As Contact Centers Shift Rapidly to Cloud, Sensitive Data Needs New Levels of Protection
By: Mohie Ahmed
Privileged users inside organizations have access to that company’s most valuable assets. As we have learned from countless exploitations, advanced adversaries target privileged accounts, which is why leading analysts agree: Privileged Access Management (PAM) is not a “nice-to-have” – it is a “must-have.”
Without a plan in place to secure privileged accounts and credentials, IT professionals and security teams are finding themselves in an even more complex environment, especially with the increased adoption of cloud computing. Business leaders are opting for cloud alternatives to reduce cost, improve computing strength, and reducing resources to manage on-premises infrastructure. Software-as-a-Service makes sense – as does Communications Platform-as-a-Service (CPaaS) and Unified Communications-as-a-Service (UCaaS).
In the case of the latter two, we have witnessed a dramatic shift to cloud for Contact Centers – a trend that was already well underway but accelerated with the global pandemic and requirement to work remotely. Companies had to move their agents to the cloud overnight, and Business Process Outsourcing (BPO) contact center service providers had to do the same. This was no small task considering the largest BPOs have tens of thousands and even hundreds of thousands of contact center agents, managers, and other employees to support.
With security solutions deployed as a service, it is now far easier for contact centers to move en masse to the cloud without giving up critical security protections. With cloud-ready PAM solutions, like Ironsphere, risk mitigation does not require managing additional infrastructure or require expensive and ineffective hands-on management associated with on-premises solutions.
Ironsphere’s software platform model allows organizations to offload the majority of the work of managing infrastructure and handling upgrades, freeing IT security staff up to concentrate on risk management and compliance.
PAM-as-a-Service (PAMaaS) is a critical initiative today, especially for contact centers who are collecting and using more and more personal and private information to serve customers better and faster and to run more cost-efficient operations. Compliance in the contact center has never been harder, and fines have never been higher, and with PAMaaS, contact center operators gain all the benefits without burdening their IT teams with managing additional infrastructure or doing upgrades.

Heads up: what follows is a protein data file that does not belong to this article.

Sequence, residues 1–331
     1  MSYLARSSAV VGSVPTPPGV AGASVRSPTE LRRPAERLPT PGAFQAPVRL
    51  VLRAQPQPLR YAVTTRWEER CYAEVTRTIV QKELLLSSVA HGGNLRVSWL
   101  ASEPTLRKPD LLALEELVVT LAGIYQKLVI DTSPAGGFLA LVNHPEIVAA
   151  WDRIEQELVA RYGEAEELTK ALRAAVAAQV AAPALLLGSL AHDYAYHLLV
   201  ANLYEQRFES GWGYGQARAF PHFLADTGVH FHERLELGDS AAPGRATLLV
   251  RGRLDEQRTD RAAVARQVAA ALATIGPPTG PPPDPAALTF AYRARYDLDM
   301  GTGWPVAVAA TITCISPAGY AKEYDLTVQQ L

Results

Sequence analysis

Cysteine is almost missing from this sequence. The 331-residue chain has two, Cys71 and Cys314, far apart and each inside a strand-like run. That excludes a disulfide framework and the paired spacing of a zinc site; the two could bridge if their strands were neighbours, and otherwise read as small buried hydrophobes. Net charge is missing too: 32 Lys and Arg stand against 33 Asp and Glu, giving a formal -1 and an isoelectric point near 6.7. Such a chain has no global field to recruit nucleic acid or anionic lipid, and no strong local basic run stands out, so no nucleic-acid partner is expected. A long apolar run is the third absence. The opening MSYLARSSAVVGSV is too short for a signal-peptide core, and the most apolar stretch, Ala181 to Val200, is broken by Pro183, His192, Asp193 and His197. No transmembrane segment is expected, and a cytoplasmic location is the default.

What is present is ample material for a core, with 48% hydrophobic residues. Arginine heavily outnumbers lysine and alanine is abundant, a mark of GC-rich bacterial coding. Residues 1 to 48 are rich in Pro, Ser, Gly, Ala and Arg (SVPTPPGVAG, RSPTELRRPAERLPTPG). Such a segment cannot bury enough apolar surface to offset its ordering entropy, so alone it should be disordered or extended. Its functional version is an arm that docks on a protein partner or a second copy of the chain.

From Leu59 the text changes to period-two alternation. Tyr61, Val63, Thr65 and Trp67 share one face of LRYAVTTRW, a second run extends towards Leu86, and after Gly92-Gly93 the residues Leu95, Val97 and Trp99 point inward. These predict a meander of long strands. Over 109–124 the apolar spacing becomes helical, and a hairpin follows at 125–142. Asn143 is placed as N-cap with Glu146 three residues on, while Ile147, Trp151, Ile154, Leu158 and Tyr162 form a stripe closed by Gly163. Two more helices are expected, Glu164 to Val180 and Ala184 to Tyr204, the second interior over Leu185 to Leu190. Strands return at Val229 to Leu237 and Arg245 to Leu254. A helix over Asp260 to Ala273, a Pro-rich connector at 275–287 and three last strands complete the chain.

This includes moving to an OpEx model vs. CapEx model for security, which makes enhancing their offerings and security postures easier and more affordable than ever.
With PAM in place, even when agents, managers, and executives are working from home and accessing applications and databases while ensuring proper compliance – in healthcare, financial services, retail, and other industry scenarios – data is protected, and systems continue to run without outages caused by internal players.
PAMaaS dramatically accelerates the path to implementation, which has become more important than ever, given the work-from-home directives still in place in many areas of the world.
Even after COVID-19 is under control, we are learning that organizations have been sold on the advantages of remote working, at least for some employees, and are moving dollars over from real estate expenses to building advanced digital platforms that are secure and reliable, highly available and expertly managed.
Contact centers and Customer Experience solutions (including chatbots and more) are investing in protecting data because of the masses of representatives that have access to personal customer information. Even with the extensive authentication security protocols in place, there is vulnerability every time someone accesses a file.
Years ago, for example, AT&T was fined $25 million after two employees at its call center in Mexico confessed to accessing customers’ information and reselling it to strangers.
This is a risk management imperative.
As cyber threats continue to rise, so do the costs. According to a Ponemon Institute report, the cost of the average record lost is valued at $154 USD, while the cost of the average company security breach is valued at $3.79 million dollars.
This calculation by Ponemon includes direct and indirect consequences of the leak: time and resources wasted identifying the source, business lost as a result of key company employees being tied up with the matter, customers lost due to incurring issues of trust, and stocks that drop as a result of investor concerns.
One of the best ways to control internal threats in this type of environment is to control access; by knowing exactly what information they had access to, IT forensics becomes much easier if anything goes wrong.
The ugly truth.
Most data breaches are internally caused, either intentionally (disgruntled workers) or unintentionally (curious or untrained workers). We have seen greedy or desperate employees selling valuable customer data, and related massive fines when the breaches are exposed publicly.
Sage, AOL, Texas Lottery, and GS Caltex all experienced internal security breaches, for example, and to prevent risks, companies need to first acknowledge the threat of internal data breaches, and then implement the necessary security measures to prevent them.
Whether a company runs its own contact center or contracts with a BPO of managed services provider, having PAM in place makes all the difference – protecting customers, protecting businesses, and ensuring new models, including work-from-home, will work for years to come.
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